Brewing beer and a broken bridge are two things Tadcaster are famous for. But on Saturday, the once-split North Yorkshire market town is intent on redefining itself as host of one of Britain’s marquee cycle races.
The Tour de Yorkshire women’s race and stage two of the men’s event will start on the now infamous rebuilt 18th Century bridge over the River Wharfe that partially collapsed following the Boxing Day floods of 2015, which left the town of 6,500 people cut in two to traffic.
Some livelihoods were washed away that day, business for others dried up in the 13 months it took to reunite the town as footfall dropped dramatically and a detour of more than 10 miles was needed to reach the other side of the town by road.
“For want of a better phrase, we were on our arse,” said Kirsty Perkins, a Tadcaster Town councillor.
“It was the most awful time.”
Then the bikes came, with the Tour – which last year generated nearly £60m for the Yorkshire economy – passing through a part of the scarred community off the A64 between Leeds and York in April 2016.
While cyclists flew by in a flash of multi-coloured lycra, it was a rare day of enjoyment for “despondent” locals who became all too used to staring at a ruin.
“The town was so demoralised, the bridge was nowhere near ready to have work started on it,” said Perkins.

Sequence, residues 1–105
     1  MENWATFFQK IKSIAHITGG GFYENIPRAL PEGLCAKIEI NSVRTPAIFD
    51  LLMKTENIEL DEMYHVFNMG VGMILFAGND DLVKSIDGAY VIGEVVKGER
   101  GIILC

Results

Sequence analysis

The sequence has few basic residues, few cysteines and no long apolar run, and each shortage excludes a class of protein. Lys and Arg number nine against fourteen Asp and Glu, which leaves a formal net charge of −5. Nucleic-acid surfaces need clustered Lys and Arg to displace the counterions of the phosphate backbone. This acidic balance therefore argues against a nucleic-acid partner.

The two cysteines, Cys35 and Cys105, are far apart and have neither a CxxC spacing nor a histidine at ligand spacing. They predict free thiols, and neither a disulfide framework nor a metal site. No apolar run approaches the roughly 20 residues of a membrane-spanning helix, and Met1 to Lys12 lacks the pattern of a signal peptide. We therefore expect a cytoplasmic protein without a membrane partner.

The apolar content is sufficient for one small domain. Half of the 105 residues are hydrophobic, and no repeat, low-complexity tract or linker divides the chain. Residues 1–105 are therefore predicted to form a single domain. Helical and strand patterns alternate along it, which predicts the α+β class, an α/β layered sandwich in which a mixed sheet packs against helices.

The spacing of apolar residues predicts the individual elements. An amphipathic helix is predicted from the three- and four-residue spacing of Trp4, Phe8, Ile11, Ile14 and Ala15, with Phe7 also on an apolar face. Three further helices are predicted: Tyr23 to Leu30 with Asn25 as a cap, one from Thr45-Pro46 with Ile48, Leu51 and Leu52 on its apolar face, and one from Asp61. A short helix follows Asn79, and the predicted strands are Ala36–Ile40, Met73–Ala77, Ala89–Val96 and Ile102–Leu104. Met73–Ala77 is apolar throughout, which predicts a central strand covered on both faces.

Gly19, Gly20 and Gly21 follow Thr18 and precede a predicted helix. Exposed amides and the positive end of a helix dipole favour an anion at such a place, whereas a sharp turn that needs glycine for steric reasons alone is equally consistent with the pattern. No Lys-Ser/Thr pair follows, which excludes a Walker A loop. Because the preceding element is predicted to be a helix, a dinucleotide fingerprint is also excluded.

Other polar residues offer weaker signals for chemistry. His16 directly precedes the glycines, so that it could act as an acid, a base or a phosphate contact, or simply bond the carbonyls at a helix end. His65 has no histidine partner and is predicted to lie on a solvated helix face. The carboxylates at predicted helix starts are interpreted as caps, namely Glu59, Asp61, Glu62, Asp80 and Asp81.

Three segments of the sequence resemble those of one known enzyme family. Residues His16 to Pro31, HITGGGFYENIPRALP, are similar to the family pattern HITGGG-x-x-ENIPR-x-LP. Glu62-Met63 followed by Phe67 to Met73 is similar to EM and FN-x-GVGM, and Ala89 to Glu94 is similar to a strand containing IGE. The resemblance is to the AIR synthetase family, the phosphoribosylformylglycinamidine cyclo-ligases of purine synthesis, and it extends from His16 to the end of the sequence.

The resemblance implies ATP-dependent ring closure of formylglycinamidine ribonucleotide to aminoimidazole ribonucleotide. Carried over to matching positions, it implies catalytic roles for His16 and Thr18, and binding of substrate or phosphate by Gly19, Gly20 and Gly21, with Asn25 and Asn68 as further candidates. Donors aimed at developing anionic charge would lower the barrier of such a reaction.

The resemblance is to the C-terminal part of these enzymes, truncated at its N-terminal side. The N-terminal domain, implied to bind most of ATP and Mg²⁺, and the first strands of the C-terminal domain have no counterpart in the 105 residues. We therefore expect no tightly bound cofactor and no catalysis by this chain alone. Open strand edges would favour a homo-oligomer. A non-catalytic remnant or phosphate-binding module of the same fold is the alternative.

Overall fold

“It was exciting to witness and gave everyone hope that something like that could come back and we could have a bigger bite of that cherry.
“Economically I don’t think it had a huge impact on the town at the time as a lot of businesses were still struggling and we were in a period of recovery.”
When the bikes line up on Saturday, a crowd of 15,000 to 20,000 is expected to descend on the sleepy town desperate to shake off a nightmare.
‘The bridge of horrific memories’
A combined total of 36 women’s and men’s teams – including nine outfits which race in the Tour de France – will assemble on the Tadcaster bridge for the start of their respective 76-mile races to Harrogate on Saturday.
The sight of the world-class ensemble of athletes, which includes Olympic gold medal winner Owain Doull riding for Team Sky and former Women’s Tour winner Kirsten Wild, will be an emotional one for some locals.
Nicola Eades, whose dental practice on Bridge Street was flooded in 2015 and who is co-ordinator of the town’s flood action group, admits the townsfolk have had to deal with a “massive psychological hit”.
“For 13 months we had a day-to-day reminder of that horrific day in 2015,” said Eades.
“It is fantastic that the stage is starting on the bridge. Its collapse is a horrific memory for the town and now it will bring everyone together.
“We will advertise to the world that we are open for business and that this is an amazing little town.”
And Eade has called on the devotion of the flood action group again, not to clear out sodden houses or businesses or to man water pumps or lay sand bags, but to help steward the huge crowds around their town, which will also be hosting the Tadcaster Cycling Festival.
“We would rather be out for an event like this than at flooding ever again,” she added.
A town healed
The bridge was re-opened to traffic in early February 2017 and the town celebrated.